Stakeholder Spotlight: ElderCare Edmonton
ElderCare Edmonton has a long history in the capital region. First incorporated in 1980 as the Association of Adult Day Support Programs, the organization has had many different names over the years. In 2007, it became ElderCare Edmonton Society for Adult Day Programs, commonly referred to as ElderCare Edmonton. Despite the name changes, the client-focused approach has not wavered.
ElderCare Edmonton offers therapeutic recreational programming to strengthen seniors’ independence and quality of life. Prior to the pandemic, that meant in-person day programs delivered at three separate locations across Edmonton: Westend Seniors Activity Centre, Central Lions Seniors Centre, and Fulton School. For the time being, in-person programming is on hold, but ElderCare staff continue to connect with day program clients in a modified way.
“Our clients are receiving Wellness Telephone Calls to offer socialization, and to ensure they have everything they need, including information on additional support,” explains Program Manager Krista Mulbery.
The day programs are accessible to clients with a referral from Alberta Health Services. ElderCare Edmonton’s website provides more information on the referral process.
As it did for many organizations, the pandemic thrust virtual delivery upon ElderCare Edmonton. In adapting, ElderCare has expanded its offerings for older adults beyond its regular clientele. One of these offerings is a program called Well Connected, delivered through a partnership with Caregivers Alberta. It combines light physical activity with a cognitive component, as well as the occasional nutrition portion and entertainment. Staff also compile weekly activity booklets to send out electronically or via regular mail for those who don’t have access to a computer.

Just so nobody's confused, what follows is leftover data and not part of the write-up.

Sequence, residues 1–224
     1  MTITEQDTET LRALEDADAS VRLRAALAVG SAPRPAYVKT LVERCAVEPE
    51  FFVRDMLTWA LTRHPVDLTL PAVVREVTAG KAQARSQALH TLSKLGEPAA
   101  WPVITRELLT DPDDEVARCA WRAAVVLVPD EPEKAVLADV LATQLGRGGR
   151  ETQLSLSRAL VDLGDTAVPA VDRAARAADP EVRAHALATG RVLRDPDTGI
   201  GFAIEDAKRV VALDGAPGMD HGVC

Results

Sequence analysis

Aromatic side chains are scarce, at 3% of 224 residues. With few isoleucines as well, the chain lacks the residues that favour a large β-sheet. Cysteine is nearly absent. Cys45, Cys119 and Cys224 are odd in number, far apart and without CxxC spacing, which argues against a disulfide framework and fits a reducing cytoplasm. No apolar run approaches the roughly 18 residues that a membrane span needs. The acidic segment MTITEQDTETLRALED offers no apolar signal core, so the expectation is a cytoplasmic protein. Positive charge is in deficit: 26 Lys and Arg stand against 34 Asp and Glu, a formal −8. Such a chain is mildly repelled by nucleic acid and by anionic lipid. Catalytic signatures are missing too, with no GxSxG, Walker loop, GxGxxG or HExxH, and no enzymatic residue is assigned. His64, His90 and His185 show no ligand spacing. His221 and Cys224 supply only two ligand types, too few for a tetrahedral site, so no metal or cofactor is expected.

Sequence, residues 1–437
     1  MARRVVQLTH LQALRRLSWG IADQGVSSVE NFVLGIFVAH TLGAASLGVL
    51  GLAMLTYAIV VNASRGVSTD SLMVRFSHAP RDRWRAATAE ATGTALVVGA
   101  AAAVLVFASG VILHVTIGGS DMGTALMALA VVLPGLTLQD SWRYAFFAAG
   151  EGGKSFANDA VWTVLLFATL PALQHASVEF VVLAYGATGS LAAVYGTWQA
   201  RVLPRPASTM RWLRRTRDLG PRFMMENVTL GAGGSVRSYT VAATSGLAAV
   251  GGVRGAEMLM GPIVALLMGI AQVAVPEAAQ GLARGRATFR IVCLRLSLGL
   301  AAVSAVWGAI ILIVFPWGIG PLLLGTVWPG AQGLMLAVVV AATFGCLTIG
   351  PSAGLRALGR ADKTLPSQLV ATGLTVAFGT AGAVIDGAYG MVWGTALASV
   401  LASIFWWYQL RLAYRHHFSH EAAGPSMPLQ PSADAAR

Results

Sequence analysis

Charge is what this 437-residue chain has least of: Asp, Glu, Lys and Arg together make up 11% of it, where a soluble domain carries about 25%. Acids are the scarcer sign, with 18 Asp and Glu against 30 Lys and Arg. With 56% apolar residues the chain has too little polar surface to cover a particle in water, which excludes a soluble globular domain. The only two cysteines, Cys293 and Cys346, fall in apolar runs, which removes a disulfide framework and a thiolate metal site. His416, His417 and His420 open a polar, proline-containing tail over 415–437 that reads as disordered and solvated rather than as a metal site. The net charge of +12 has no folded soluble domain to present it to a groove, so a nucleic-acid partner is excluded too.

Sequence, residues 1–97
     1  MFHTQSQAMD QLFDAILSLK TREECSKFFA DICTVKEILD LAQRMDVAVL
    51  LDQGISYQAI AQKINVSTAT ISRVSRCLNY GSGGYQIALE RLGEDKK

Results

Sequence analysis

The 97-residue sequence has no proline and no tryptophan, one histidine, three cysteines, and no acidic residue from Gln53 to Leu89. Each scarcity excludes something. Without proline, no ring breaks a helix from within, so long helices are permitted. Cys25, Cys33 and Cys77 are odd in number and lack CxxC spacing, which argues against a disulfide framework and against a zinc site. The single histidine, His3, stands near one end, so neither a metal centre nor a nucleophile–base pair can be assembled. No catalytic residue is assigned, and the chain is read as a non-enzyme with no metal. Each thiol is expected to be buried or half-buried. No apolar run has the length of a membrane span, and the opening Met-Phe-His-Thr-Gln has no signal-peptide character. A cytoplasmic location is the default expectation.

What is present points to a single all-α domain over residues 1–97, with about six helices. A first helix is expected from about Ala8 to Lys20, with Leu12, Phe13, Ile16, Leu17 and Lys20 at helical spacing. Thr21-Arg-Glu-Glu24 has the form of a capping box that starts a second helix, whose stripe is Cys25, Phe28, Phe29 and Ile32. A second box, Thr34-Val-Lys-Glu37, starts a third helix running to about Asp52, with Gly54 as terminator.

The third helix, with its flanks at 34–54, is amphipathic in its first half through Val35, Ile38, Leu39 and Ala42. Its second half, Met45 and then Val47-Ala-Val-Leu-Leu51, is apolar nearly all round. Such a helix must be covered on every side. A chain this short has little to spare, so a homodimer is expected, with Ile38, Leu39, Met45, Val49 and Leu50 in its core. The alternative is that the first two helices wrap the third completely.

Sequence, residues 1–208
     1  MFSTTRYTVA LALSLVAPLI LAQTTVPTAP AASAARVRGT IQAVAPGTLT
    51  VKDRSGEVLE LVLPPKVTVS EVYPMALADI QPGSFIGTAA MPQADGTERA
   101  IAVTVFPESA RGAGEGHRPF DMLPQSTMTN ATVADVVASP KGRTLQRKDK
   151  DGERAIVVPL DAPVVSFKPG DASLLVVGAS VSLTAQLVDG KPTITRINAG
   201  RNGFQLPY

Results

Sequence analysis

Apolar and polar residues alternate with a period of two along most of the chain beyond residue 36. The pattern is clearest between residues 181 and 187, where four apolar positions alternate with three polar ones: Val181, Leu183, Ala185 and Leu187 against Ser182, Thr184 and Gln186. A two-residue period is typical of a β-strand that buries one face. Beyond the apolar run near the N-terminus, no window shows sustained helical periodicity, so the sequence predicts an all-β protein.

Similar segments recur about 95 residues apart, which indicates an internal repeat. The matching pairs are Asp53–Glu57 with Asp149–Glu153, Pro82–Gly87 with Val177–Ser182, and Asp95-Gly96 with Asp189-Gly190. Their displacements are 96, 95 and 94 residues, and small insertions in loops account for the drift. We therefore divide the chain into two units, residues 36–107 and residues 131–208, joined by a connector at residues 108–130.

“Our Well Connected program registration is open to everyone through the Caregivers Alberta website,” says Program Manager Katelyn Poulin. “It is a way to reach everybody in our community.”
The Well Connected program launched early in the pandemic, as a way to maintain important connections between staff and clients when in-person interactions became impossible. It is also serving as a bridge between the two organizations.
“A lot of our clients have caregivers, whether they’re formal or informal, that eventually do need some sort of support,” says Mulbery. “We have that direct link with Caregivers Alberta. And because of that relationship, I know the people there I am connecting them with.”
A new head office location has helped to further enhance that relationship, as well as those with other senior serving organizations. In the summer, ElderCare Edmonton relocated to the Jerry Forbes Centre, a hub for non-profit organizations.
“By co-locating with Caregivers Alberta instead of meeting them through emails and just outside work groups, we were actually able to foster a stronger relationship,” explains Sandra Stemmer, ElderCare Edmonton’s Executive Director. “We’re hoping to continue building on relationships with other not-for-profit associations that would dovetail with our mandate.”
In the last 40 years, ElderCare has evolved, growing and changing its programs to meet the needs of clients. Demand only seems to be increasing and that provides great opportunity for the future. “Keeping people active and engaged in their home through programming such as ours means people are able to stay in their own homes longer,” says Stemmer. “So we’re going to leverage all of those things to potentially expand in the longer term.”
For more information on ElderCare Edmonton: www.eldercareedmonton.ca
Watch for an upcoming Stakeholder Spotlight in which we profile Caregivers Alberta.